Those transcripts are highly important, and after your preliminary hearing you should obtain copies of the transcripts as soon as possible. Review and discuss the transcripts privately with your lawyer, before proceeding to the next stage of your criminal case.

The judge’s role at a preliminary hearing is different from the role he or she would play at a trial. At this stage, the judge cannot make any rulings based on Charter rights or violations of those rights. There are a number of things that the judge can do at this stage, and often will:

  • Order a publication ban on the evidence presented. (Either side may request that the judge do so.)
  • Grant adjournments.
  • Make rulings on evidence admissibility, and on the extent of cross-examination.

Your preliminary hearing can end in one of two ways: either you are discharged (and your charges dropped) due to a lack of admissible evidence, or you are forced to stand trial in the Superior Court of Justice.

Having your charges dropped at the preliminary hearing is not an impossible goal – far from it. In fact, I personally have been successful in having several clients’ cases dismissed at this early stage of the process.

However, it is much more difficult and frustrating to pursue that goal if you are representing yourself. You need to hire a lawyer, and meet with him or her before the hearing so that you can discuss anticipated witnesses and evidence.

Are you facing criminal charges in Ontario and trying to prepare for a preliminary hearing? Not sure whether such a hearing is necessary for your case? A top criminal defence lawyer should be the first call you make. For more information, contact the Ottawa criminal defence lawyers at Auger Hollingsworth by email [email protected] or by phone at (613) 233-4529.

Appearing in Ontario Criminal Remand Court

OTTAWA CRIMINAL DEFENCE LAWYER – “Remand Court” is a term that can cause confusion for those facing criminal charges. After all, it’s the first court appearance made by accused in any criminal case.

If you’ve been summoned to appear in Remand Court, it’s important to know what makes a remand court appearance different from a trial. Here are a few of the differences:

  1. 1.      Remand Court is not the place for pleas and sentencing.

The judge in a Remand Court will not hear your plea, and will not determine guilt. Rather, he or she is there to go over initial information with you or your lawyer, and then set an agenda for the case proceedings.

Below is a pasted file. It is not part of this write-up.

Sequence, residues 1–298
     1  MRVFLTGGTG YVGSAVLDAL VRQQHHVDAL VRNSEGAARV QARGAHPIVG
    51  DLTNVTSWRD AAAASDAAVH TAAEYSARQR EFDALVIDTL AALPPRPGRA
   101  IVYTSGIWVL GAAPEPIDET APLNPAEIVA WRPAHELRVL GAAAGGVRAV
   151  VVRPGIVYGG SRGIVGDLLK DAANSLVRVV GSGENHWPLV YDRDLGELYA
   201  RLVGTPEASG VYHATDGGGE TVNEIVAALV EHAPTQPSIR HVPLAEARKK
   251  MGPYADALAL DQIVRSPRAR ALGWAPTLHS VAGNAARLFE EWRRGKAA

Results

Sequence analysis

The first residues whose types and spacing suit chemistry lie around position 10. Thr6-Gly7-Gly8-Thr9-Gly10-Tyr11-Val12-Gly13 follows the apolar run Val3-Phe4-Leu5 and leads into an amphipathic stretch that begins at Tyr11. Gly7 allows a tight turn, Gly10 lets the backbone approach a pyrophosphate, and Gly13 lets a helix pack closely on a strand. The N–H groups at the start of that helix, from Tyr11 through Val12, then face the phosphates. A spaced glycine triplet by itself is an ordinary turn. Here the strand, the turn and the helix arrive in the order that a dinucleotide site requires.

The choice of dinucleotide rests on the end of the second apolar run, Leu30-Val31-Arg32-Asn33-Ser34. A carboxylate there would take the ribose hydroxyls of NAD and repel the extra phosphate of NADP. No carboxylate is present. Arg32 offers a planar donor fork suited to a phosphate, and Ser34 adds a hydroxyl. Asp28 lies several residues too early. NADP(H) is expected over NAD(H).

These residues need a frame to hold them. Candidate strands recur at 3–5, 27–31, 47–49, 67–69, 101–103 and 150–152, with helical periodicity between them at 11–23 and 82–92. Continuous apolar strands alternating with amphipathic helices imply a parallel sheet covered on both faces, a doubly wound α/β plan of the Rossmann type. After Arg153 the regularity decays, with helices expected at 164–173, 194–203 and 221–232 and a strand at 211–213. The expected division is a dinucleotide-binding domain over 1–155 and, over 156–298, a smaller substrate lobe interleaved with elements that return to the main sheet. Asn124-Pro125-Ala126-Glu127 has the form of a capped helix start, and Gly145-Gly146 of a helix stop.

1. 2.      You won’t be the only accused appearing at your remand court session.

When court convenes for a criminal trial, that particular sitting usually deals with just one case. Not so in a remand court. You will likely be one of many summoned individuals called to appear before the same remand court judge. Determining the order is done alphabetically. Here, there’s a benefit to having your own lawyer – the accused with lawyers are called up first, in alphabetical order by firm name. After that, clients representing themselves are called before the judge in alphabetical order by name.

  1. 3.      The Crown won’t actively prosecute you at Remand Court.

The Crown prosecutors assigned to your case will be represented at your Remand Court appearance, but they do not make any statements at this time. Instead, they submit to the defence a copy of the disclosure containing the evidence secured by the police.

  1. 4.      Remand Court almost always ends with an adjournment.

At any Remand Court in Ontario, it is customary for the Crown to request an adjournment, at which point the judge schedules a “second appearance” for the accused.

While your appearance in Remand Court is informal, and not similar to your criminal trial, hiring a criminal defence lawyer to accompany you is important. The Remand Court judge will want to discuss technical details quickly, and a criminal defence lawyer will know how to handle that discussion efficiently and professionally.

A defence lawyer can also appear for you, if you’re unable to make it to the Remand Court appearance yourself – make sure, however, that you’ve agreed upon this beforehand. If you are going to attend the appearance yourself, make sure you arrive on time wearing appropriate attire.

I usually have my clients sign a one-page Designation of Counsel form. This form is filed with the Remand Court and the client need not personally attend the Remand Court appearance.

If you’re preparing to make an appearance in remand court, hiring an experienced criminal defence lawyer can make the process smoother and less stressful – especially if your charges are serious. For more information, contact the Ottawa criminal defence lawyers at Auger Hollingsworth by email [email protected] or by phone at (613) 233-4529.